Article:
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A wage calculated in relation to a unit of time.

We pay an hourly rate of between $10 - $15 per hour depending on qualifications and experience.

noun
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Any of various taxes, especially those levied by a local authority. [from the 17th century]

I hardly have enough left every month to pay the rates.

noun
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(nautical) A class into which ships were assigned based on condition, size etc.; by extension, rank.

This textbook is first-rate.

noun
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(horology) The gain or loss of a timepiece in a unit of time.

Daily rate; hourly rate; etc.

noun
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To assign or be assigned a particular rank or level.

She is rated fourth in the country.

verb
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To evaluate or estimate the value of.

They rate his talents highly.

verb
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He rated this book brilliant.

verb
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To deserve; to be worth.

The view here hardly rates a mention in the travel guide.

verb
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The transformer is rated at 10 watts.

verb
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(chiefly UK) To evaluate a property's value for the purposes of local taxation.
verb
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(informal) To like; to think highly of.

The customers don't rate the new burgers.

verb
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(intransitive) To have position (in a certain class).

She rates among the most excellent chefs in the world.

He rates as the best cyclist in the country.

verb
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(intransitive) To have value or standing.

This last performance of hers didn't rate very high with the judges.

verb
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To ratify.
verb
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To ascertain the exact rate of the gain or loss of (a chronometer) as compared with true time.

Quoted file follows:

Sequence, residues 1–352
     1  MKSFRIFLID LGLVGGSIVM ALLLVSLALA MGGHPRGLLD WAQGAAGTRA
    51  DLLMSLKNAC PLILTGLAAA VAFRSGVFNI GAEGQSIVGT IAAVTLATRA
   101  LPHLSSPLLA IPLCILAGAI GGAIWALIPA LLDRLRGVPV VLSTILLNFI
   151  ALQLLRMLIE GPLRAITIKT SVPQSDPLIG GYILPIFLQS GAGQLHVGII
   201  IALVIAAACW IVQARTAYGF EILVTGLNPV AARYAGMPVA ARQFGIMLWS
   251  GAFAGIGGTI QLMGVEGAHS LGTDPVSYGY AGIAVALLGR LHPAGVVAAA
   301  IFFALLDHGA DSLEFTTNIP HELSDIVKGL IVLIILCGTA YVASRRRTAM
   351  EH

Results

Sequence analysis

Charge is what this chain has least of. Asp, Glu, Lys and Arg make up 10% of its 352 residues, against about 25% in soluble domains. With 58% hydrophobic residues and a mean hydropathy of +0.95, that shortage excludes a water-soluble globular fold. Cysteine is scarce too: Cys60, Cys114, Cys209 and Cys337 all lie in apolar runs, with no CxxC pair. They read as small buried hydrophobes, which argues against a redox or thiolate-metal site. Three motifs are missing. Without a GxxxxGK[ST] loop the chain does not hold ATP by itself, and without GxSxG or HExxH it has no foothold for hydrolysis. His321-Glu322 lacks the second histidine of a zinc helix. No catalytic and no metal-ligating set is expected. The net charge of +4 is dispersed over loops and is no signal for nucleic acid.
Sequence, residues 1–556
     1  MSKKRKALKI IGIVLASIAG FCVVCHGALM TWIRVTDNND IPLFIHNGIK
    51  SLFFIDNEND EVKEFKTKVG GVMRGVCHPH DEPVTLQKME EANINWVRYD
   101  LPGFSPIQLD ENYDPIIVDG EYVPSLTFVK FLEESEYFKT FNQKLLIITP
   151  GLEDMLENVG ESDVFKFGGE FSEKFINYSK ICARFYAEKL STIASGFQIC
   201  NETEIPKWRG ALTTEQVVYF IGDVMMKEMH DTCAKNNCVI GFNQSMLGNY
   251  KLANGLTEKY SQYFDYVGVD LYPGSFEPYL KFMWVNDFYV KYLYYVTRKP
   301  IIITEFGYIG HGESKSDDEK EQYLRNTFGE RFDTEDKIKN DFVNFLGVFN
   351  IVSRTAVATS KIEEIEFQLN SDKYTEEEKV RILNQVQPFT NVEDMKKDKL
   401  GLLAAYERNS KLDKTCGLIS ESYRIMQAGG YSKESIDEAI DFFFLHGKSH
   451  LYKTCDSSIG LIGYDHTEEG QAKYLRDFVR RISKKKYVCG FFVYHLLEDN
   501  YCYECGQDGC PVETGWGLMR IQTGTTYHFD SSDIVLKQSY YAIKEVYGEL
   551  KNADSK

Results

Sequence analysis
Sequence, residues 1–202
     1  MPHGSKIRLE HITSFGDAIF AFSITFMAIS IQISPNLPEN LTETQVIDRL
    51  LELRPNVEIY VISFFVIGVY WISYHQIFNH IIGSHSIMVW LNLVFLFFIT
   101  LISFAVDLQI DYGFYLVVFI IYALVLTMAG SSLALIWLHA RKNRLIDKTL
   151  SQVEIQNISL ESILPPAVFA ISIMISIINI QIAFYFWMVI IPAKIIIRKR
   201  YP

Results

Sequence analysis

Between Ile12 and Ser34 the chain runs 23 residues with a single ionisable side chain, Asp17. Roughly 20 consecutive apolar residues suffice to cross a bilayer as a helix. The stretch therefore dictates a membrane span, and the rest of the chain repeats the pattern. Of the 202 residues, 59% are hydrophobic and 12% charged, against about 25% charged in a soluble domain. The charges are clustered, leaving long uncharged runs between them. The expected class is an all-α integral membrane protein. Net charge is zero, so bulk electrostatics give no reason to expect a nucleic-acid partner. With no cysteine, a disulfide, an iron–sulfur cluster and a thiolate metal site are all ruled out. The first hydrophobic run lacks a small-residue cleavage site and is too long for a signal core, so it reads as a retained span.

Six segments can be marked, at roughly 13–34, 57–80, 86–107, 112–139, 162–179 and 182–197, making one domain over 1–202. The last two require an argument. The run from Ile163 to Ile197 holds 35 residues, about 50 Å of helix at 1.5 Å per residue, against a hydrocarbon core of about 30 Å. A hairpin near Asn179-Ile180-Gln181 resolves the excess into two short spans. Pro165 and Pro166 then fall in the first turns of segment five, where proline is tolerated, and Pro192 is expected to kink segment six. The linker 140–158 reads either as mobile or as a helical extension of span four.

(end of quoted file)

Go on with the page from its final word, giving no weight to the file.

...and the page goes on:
verb
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verb
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The cost per unit of a commodity or service.

Postal rates.

noun
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(chiefly british) A locally assessed property tax.
noun
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To set a rate for (goods to be shipped).
verb
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(informal) To have status, importance, or influence.

Tea-flavored ice cream doesn't rate highly in my book.

verb
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To berate.
verb
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To express reproof.
verb
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Percent interest on capital; a relative or proportional value.
noun
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1
at any rate
  • Whatever the case may be; in any case:
    You should at any rate apologize.
  • Used to indicate a revision or correction to a previous remark:
    We were delighted, or at any rate satisfied, with the results.
idiom
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at any rate
  • in any event; whatever happens
  • at least; anyway
idiom
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Idioms and Phrasal Verbs

Origin of rate

  • Middle English from Old French from Medieval Latin rata proportion short for Latin (prō) ratā (parte) (according to a) fixed (part) from feminine ablative past participle of rērī to consider, reckon ar- in Indo-European roots

    From American Heritage Dictionary of the English Language, 5th Edition

  • Middle English raten perhaps of Scandinavian origin

    From American Heritage Dictionary of the English Language, 5th Edition

  • From Middle English raten (“to scold, chide"), from Old Norse hrata (“to refuse, reject, slight, find fault with"), from Proto-Germanic *hratōnÄ… (“to sway, shake"), from Proto-Indo-European *krad- (“to swing"). Cognate with Swedish rata (“to reject, refuse, find fault, slight"), Norwegian rata (“to reject, cast aside"), Old English hratian (“to rush, hasten").

    From Wiktionary

  • From Old French, from Medieval Latin rata, from Latin prō ratā parte, from ratus (“fixed"), from rÄ“rÄ« (“think, deem, judge, originally reckon, calculate").

    From Wiktionary